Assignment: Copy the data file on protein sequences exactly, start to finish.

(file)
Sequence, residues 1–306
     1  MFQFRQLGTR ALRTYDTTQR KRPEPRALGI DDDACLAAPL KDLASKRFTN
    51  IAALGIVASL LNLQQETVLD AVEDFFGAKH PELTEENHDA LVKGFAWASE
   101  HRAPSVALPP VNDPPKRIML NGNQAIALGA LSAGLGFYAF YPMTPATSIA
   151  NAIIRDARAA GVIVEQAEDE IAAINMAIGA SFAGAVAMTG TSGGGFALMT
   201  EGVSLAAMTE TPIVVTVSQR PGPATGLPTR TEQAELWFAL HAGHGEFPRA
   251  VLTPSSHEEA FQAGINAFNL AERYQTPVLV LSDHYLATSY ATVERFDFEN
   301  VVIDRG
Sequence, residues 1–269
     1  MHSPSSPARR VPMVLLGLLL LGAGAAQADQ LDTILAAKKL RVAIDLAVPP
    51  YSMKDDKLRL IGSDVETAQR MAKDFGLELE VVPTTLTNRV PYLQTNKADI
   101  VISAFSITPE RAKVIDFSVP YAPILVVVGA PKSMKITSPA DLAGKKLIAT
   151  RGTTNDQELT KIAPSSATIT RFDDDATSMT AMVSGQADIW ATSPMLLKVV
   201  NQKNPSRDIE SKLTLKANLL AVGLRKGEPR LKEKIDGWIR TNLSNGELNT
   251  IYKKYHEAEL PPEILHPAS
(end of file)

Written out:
Sequence, residues 1–306
     1  MFQFRQLGTR ALRTYDTTQR KRPEPRALGI DDDACLAAPL KDLASKRFTN
    51  IAALGIVASL LNLQQETVLD AVEDFFGAKH PELTEENHDA LVKGFAWASE
   101  HRAPSVALPP VNDPPKRIML NGNQAIALGA LSAGLGFYAF YPMTPATSIA
   151  NAIIRDARAA GVIVEQAEDE IAAINMAIGA SFAGAVAMTG TSGGGFALMT
   201  EGVSLAAMTE TPIVVTVSQR PGPATGLPTR TEQAELWFAL HAGHGEFPRA
   251  VLTPSSHEEA FQAGINAFNL AERYQTPVLV LSDHYLATSY ATVERFDFEN
   301  VVIDRG
Sequence, residues 1–269
     1  MHSPSSPARR VPMVLLGLLL LGAGAAQADQ LDTILAAKKL RVAIDLAVPP
    51  YSMKDDKLRL IGSDVETAQR MAKDFGLELE VVPTTLTNRV PYLQTNKADI
   101  VISAFSITPE RAKVIDFSVP YAPILVVVGA PKSMKITSPA DLAGKKLIAT
   151  RGTTNDQELT KIAPSSATIT RFDDDATSMT AMVSGQADIW ATSPMLLKVV
   201  NQKNPSRDIE SKLTLKANLL AVGLRKGEPR LKEKIDGWIR TNLSNGELNT
   251  IYKKYHEAEL PPEILHPAS